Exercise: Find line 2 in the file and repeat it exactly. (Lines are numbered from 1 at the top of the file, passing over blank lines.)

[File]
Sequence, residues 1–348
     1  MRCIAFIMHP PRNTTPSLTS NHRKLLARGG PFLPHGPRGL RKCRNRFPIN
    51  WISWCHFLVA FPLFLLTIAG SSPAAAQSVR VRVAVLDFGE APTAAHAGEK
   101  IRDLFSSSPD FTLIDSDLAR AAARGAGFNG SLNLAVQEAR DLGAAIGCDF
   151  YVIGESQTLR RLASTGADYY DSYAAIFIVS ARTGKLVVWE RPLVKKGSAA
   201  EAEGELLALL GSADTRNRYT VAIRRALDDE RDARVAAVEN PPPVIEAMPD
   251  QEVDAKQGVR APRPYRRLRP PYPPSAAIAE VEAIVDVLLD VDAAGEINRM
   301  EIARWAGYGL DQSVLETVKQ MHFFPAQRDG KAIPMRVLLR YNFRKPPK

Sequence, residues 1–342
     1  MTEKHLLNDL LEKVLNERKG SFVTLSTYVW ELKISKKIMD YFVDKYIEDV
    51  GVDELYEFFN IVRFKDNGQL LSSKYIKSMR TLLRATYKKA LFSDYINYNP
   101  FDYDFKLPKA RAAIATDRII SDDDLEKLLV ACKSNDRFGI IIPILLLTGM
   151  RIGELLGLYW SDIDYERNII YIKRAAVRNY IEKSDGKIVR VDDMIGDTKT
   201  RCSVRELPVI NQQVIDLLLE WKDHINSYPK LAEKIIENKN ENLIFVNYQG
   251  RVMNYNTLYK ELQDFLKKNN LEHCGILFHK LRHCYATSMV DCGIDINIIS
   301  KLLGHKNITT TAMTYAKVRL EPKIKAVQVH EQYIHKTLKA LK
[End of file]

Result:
     1  MRCIAFIMHP PRNTTPSLTS NHRKLLARGG PFLPHGPRGL RKCRNRFPIN